Learn how Arizona’s grandparent rights work in our state.
Grandparents play an important role in the lives of their grandchildren, and when they are kept from their grandchildren, it can be detrimental to grandparent and grandchild alike.
What some grandparents do not realize, however, is that they may petition the court to create a legally enforceable right to visit their grandchildren. Sometimes grandparents can even claim visitation time traditionally left to a parent, if the parent is unable to utilize the visitation.
Court-Granted Grandparent Visitation Rights in Arizona
The Arizona Superior Court has discretion to grant grandparents visitation rights under any of the following circumstances:
- The child’s parents have been divorced for three months or longer.
- The child’s parent has been deceased or missing for three months or longer.
- The child’s parents were never married.
In addition to meeting one of the above requirements, the court must find that it is in the child’s best interest to grant visitation rights to the grandparent.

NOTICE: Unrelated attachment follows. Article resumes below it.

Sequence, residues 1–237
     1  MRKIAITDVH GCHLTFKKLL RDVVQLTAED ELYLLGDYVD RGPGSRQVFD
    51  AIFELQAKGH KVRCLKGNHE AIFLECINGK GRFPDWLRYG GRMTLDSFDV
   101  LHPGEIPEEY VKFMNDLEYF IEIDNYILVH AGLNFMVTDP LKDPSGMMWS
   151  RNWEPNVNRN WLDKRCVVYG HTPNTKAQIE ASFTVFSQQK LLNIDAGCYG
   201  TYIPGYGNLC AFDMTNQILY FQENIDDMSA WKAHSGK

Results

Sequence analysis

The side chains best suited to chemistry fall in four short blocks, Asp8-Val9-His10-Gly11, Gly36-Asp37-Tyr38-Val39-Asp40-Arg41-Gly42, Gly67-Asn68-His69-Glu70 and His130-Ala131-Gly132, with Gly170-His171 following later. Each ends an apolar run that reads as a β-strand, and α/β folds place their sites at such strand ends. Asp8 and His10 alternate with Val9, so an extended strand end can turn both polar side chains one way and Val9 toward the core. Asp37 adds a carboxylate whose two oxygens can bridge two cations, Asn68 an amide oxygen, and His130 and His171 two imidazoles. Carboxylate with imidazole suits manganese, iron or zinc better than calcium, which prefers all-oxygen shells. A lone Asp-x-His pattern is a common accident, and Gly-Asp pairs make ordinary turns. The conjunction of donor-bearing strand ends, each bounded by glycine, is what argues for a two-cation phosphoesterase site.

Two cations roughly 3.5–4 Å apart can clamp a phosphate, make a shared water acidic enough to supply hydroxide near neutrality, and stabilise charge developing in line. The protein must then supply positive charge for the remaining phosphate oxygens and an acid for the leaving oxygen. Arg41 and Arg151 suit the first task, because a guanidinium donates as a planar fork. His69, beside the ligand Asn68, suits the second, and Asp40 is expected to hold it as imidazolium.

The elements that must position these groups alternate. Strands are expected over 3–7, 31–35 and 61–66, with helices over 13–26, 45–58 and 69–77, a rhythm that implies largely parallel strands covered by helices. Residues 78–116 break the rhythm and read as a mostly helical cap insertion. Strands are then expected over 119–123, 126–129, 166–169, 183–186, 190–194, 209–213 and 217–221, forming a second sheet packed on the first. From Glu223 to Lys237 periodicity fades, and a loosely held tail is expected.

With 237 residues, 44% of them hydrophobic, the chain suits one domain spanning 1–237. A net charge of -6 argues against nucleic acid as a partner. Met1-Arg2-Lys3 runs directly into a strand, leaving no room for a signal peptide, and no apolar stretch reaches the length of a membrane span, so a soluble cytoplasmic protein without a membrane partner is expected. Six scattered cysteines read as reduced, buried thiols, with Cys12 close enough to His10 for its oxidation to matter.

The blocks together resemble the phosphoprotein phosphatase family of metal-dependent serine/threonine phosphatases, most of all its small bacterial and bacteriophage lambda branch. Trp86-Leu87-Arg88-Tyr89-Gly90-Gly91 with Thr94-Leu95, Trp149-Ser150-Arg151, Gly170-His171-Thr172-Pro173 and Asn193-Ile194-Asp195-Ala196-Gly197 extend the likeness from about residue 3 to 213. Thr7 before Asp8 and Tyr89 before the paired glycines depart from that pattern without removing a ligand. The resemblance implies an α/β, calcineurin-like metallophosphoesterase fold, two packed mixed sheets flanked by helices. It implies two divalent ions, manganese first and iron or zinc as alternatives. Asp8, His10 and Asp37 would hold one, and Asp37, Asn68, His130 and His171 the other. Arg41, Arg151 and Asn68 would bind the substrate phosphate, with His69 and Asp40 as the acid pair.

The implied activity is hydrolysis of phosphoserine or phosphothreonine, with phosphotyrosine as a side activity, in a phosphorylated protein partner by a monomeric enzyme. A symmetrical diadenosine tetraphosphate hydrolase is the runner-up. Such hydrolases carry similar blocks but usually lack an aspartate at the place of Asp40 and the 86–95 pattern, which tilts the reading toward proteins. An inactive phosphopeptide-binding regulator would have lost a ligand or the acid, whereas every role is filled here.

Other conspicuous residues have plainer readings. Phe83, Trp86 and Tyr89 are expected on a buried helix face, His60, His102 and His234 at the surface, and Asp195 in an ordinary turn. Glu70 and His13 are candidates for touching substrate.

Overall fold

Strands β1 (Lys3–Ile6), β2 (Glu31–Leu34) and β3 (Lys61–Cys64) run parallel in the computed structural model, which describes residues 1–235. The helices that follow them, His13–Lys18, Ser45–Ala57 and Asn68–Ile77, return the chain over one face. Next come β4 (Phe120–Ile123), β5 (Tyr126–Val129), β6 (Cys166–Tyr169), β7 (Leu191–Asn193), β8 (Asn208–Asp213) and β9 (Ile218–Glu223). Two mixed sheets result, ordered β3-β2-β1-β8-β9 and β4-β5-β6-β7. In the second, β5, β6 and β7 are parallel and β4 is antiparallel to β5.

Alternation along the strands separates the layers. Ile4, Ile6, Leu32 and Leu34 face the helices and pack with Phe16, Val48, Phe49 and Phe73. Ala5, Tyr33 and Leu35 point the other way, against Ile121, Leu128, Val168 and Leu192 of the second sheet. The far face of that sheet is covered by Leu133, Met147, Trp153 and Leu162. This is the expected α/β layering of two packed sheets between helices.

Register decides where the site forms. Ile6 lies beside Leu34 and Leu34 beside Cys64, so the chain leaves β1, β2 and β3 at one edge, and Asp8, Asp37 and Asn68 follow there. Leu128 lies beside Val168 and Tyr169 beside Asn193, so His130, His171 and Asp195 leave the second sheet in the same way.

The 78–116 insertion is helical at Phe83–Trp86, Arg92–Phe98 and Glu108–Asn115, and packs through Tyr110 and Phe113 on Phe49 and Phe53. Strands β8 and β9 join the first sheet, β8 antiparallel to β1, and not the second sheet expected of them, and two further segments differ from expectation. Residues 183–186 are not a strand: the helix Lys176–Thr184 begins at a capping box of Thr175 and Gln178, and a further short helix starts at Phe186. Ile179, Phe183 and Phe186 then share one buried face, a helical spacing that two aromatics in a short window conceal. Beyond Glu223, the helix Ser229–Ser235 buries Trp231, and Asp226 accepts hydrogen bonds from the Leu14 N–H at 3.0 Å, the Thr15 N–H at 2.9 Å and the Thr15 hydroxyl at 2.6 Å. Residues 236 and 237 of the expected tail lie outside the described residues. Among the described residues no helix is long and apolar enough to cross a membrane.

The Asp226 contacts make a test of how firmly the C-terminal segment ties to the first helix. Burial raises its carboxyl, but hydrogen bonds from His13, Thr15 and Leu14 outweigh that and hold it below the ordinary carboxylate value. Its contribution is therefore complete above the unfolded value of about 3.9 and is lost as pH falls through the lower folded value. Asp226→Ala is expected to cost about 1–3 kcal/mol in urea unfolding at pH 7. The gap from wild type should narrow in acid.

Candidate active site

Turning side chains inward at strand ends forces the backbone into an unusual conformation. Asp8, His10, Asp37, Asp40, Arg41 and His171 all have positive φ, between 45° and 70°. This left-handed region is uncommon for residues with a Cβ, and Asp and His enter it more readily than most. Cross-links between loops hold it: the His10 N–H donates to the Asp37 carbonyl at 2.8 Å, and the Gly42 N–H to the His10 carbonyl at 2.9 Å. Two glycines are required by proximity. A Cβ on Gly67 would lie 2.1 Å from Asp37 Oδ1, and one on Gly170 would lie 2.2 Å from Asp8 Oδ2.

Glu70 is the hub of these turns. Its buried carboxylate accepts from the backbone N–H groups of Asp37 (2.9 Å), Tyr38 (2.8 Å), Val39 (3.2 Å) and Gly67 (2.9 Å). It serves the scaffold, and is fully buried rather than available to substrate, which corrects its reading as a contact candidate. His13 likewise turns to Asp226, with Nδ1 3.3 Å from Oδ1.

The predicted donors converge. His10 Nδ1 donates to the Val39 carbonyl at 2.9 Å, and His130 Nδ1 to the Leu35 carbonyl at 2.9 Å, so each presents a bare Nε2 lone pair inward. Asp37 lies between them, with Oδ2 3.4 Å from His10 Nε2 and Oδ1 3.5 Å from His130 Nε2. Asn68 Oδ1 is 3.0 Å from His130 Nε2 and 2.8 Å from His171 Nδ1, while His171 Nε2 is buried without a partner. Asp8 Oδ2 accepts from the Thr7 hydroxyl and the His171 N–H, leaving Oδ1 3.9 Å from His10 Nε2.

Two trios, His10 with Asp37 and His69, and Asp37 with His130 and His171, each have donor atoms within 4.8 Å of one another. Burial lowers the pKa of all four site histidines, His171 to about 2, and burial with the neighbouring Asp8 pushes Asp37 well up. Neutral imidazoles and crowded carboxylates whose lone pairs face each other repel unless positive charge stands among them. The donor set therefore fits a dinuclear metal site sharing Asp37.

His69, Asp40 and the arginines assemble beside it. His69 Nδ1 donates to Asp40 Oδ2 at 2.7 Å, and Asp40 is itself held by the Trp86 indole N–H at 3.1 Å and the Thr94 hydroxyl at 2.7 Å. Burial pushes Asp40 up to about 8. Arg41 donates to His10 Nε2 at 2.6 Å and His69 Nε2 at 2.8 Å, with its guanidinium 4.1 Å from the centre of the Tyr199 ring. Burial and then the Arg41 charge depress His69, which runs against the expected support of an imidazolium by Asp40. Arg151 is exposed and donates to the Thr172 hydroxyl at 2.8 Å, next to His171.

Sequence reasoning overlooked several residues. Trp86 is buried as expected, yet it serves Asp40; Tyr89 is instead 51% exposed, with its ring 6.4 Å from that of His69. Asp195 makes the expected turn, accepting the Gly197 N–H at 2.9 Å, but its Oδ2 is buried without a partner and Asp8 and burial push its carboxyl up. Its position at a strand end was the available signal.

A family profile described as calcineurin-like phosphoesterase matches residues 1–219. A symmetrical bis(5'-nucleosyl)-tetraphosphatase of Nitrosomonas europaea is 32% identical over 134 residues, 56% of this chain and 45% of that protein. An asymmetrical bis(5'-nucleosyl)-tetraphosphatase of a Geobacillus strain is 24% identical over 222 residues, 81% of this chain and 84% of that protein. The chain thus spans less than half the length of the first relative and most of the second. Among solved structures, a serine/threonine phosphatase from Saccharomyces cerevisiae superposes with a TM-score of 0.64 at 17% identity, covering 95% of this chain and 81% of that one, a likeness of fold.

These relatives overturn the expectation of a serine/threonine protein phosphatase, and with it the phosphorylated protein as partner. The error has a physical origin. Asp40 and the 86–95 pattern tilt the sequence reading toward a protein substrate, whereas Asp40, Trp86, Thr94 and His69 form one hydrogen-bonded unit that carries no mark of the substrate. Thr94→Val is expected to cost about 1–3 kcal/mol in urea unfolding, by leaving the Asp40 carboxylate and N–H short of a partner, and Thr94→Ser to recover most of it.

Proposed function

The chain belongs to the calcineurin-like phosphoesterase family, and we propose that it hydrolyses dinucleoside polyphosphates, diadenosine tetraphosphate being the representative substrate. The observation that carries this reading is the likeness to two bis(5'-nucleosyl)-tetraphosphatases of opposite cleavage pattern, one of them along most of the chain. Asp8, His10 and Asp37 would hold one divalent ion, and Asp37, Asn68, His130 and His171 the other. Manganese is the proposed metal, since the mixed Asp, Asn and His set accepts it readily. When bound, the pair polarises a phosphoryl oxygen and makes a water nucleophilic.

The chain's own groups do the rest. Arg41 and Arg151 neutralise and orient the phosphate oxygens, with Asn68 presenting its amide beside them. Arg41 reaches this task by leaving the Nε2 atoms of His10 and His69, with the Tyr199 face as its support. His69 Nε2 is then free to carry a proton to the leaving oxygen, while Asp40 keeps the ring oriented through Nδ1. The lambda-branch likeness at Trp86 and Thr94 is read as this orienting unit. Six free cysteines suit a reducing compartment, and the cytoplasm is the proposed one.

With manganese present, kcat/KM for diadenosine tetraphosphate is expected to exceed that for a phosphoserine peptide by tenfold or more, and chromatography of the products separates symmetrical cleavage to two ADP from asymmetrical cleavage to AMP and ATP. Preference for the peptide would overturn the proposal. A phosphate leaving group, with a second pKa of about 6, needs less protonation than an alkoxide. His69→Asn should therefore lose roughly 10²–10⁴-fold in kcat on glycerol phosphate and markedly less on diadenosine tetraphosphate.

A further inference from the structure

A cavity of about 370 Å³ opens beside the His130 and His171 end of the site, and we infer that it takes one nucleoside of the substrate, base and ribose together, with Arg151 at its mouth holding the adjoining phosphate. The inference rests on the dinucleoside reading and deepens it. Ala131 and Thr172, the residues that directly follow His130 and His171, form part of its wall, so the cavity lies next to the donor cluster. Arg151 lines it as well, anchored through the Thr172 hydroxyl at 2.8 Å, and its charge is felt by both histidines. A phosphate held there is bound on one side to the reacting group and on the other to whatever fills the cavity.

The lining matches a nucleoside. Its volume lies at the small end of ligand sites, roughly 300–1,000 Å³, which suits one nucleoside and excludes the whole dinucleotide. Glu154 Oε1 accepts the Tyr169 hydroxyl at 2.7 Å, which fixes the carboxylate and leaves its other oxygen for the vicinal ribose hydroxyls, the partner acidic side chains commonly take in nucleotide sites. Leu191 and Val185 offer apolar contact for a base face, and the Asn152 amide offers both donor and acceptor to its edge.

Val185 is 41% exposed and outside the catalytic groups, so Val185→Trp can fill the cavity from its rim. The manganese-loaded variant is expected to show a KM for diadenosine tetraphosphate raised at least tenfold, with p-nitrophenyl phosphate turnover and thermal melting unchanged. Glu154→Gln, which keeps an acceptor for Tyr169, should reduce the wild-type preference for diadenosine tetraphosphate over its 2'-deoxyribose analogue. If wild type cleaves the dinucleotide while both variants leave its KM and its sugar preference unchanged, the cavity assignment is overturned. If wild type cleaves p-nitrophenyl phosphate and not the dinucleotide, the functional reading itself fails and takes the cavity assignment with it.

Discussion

Factors that Determine a Child’s Best Interest
The court considers the following factors in weighing the child’s best interest:
- The existing relationship between the grandparent and the child.
- The grandparent’s motives.
- The parent’s motives for preventing visitation.
- The amount of visitation time requested.
- The benefits to the child of maintaining a relationship with the grandparents.
When parents keep grandparents from spending time with their grandchildren, grandparents may have legal redress. Speaking with the family law attorneys at JacksonWhite about grandparents’ rights can help grandparents maintain positive family ties with their grandchildren.
Get Help With Your Visitation Rights
Grandparents with the legal right to have their grandchildren in their lives can still maintain relationships with their loved ones.
If you need legal help with grandparent visitation rights in Arizona, call family law attorneys Tim Durkin & Jon McAvoy today. Our friendly, knowledgeable staff can put you on the legal path that’s best for you and your family.
Call us today at (480) 467-4348 to learn more about how we can help you with your visitation rights needs.